Thursday, August 12, 2010

Why we should always read skeptically

Today's cribbed Game & Fish press release carries an object lesson in the reliability of self-generated news stories and why newspapers have to investigate stories carefully if they are to maintain their own credibility.

Back in the "Getting Out" section we find "Central figure in Macho B incident to pay $8,000 fine," slugged "Special to the Courier", by which we understand that the Courier got it whole and ran it unedited, i.e. a press release. In it we find the Game and Fish Commission fining the guy who originally trapped the last jaguar in AZ and revoking his game privileges for a "prohibited take," meaning he baited and intentionally trapped the animal illegally while working as a contractor on a Game & Fish cougar study. He also drew five years' probation and a $1,000 fine in criminal court.

Comparing this end-of-the-legal-road story with the first report on the incident back in February '09 is illuminating. In that press release, carried here, Game & Fish wrote that "The male cat was incidentally captured" by the department during the study -- by accident, in other words. They collared him and released him, but recaptured him after his movements seemed wrong, diagnosed him with terminal kidney failure and killed him, setting off a small but firm national wave of outrage. News stories like this focused on that decision and how it was reached, but generally glossed over the original capture, which no cat-owner will deny very likely precipitated the health problem (if there was one) and the cat's death.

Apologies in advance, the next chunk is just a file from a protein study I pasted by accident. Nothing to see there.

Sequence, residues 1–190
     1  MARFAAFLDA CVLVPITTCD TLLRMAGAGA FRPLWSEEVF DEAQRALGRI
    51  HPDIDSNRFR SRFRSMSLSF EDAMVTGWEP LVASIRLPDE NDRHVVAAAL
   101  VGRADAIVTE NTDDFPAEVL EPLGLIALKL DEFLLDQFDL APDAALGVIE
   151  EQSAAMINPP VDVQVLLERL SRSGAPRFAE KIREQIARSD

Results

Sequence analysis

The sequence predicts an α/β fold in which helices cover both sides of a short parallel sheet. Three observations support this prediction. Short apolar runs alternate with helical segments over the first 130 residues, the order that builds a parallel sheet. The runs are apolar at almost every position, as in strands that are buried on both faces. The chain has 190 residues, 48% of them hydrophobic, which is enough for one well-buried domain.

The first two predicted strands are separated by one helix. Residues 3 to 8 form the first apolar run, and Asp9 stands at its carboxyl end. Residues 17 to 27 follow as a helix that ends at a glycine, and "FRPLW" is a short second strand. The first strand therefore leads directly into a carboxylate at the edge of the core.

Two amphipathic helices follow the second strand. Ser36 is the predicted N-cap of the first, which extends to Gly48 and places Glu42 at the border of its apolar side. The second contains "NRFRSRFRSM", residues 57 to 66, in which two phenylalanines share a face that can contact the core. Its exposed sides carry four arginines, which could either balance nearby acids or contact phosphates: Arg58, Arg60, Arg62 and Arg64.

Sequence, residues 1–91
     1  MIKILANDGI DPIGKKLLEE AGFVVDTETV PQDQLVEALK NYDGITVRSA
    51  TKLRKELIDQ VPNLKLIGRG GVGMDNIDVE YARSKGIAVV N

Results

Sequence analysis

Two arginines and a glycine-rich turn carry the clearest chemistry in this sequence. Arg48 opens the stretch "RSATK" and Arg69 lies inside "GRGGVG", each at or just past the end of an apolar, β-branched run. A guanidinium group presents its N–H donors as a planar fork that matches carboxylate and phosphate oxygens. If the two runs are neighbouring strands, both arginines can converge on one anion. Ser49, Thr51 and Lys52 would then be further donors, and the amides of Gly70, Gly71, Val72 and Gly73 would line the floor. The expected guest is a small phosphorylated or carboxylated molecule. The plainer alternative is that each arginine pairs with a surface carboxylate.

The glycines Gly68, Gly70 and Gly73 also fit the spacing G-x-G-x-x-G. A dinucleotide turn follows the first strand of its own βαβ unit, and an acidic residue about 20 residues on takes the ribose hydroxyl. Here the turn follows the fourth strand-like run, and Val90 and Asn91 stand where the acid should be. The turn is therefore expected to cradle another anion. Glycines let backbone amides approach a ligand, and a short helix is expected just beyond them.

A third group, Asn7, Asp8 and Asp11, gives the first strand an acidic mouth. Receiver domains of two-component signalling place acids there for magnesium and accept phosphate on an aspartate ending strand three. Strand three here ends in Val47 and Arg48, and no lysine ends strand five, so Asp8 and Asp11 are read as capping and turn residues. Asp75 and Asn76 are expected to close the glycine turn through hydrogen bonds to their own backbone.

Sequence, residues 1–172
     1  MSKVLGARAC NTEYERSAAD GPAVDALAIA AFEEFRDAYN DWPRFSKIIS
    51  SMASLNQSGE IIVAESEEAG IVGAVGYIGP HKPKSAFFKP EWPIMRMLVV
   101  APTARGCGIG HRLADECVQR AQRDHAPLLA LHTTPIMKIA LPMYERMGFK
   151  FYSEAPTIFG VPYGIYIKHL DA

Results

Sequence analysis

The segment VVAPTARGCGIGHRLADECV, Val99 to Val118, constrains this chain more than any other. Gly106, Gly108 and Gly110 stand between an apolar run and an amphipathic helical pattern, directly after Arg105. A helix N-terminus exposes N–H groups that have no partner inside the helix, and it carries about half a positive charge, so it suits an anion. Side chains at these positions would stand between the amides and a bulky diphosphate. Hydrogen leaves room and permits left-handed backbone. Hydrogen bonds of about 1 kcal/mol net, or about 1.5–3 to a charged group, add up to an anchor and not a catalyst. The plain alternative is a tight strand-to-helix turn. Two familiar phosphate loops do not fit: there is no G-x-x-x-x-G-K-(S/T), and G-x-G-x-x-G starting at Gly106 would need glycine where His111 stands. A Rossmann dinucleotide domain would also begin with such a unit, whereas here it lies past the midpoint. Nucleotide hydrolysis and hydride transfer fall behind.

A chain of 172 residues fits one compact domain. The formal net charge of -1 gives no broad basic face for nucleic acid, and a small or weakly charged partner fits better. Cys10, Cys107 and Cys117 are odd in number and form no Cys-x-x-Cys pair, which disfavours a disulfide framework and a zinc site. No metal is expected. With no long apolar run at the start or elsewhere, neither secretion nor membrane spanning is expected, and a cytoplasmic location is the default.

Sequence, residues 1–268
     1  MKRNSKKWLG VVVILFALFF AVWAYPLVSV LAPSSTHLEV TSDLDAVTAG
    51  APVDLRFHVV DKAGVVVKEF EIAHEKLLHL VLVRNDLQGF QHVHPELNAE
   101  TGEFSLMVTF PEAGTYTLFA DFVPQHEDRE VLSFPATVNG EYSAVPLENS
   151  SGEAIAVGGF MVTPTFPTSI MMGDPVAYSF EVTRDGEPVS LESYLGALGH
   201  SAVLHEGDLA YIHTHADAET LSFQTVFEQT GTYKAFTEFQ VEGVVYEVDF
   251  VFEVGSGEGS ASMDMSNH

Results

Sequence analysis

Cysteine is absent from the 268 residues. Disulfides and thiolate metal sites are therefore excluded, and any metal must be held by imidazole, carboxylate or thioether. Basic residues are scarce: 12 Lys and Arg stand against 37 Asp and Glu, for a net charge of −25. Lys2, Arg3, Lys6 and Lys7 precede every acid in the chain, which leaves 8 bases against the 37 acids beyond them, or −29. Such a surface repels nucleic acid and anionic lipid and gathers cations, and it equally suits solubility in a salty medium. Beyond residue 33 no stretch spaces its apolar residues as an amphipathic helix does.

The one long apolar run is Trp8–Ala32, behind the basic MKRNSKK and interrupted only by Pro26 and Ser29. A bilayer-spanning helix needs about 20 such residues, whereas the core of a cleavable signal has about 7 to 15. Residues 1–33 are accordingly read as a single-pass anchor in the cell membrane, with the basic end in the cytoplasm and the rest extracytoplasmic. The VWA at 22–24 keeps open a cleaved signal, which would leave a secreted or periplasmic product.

The outrageous inaccuracy of the agency's first release, whether intentional, mistaken or just sloppy, should raise hackles in the Governor's office and red flags in every newsroom. For readers, when you see "Special to the Courier," you should read it as "Unsubstantiated Happy Talk and Lies." For the editors, I'd recommend you quit running press releases as news without checking them. No serious news organization does this. If you must carry them, label them properly and protect yourself from what's in them, because readers tend to assume you're actually doing your job.


Anonymous said...

I am finding it increasingly troublesome that individuals holding powerful positions, politicians, government agencies and even the armed services seem to be incapable of telling the straight, unvarnished truth about much of anything. They seem all too often to either spin any unpleasant or embarrassing situation, or blatantly lie about it. They repeatedly give dishonest, evasive, self-serving answers ... and in a time when ultimately they will be caught out. This sad story brings to mind the terrible, cruel lies following the death of Pat Tillman from friendly fire (strange use of the word friendly). Whatever has become of the elementary standards of fairness and decency?

Brer Citizen said...

This is because "no one" is ever held accountable for anything once a certain level has been obtained. Our officials and our governmental leadership teach us this on a monthly, if not daily basis. How many times do we hear of an investigation into a public official or entity that the media repeatedly plays/shoves down our throats, that mysteriously disappears without any further ado; or gets white-washed over like this incident with a simple press release and a very handy "scapegoat". Somehow we've created this monster in both an elected government and a free press (sadness and sarcasm in equal amounts for both).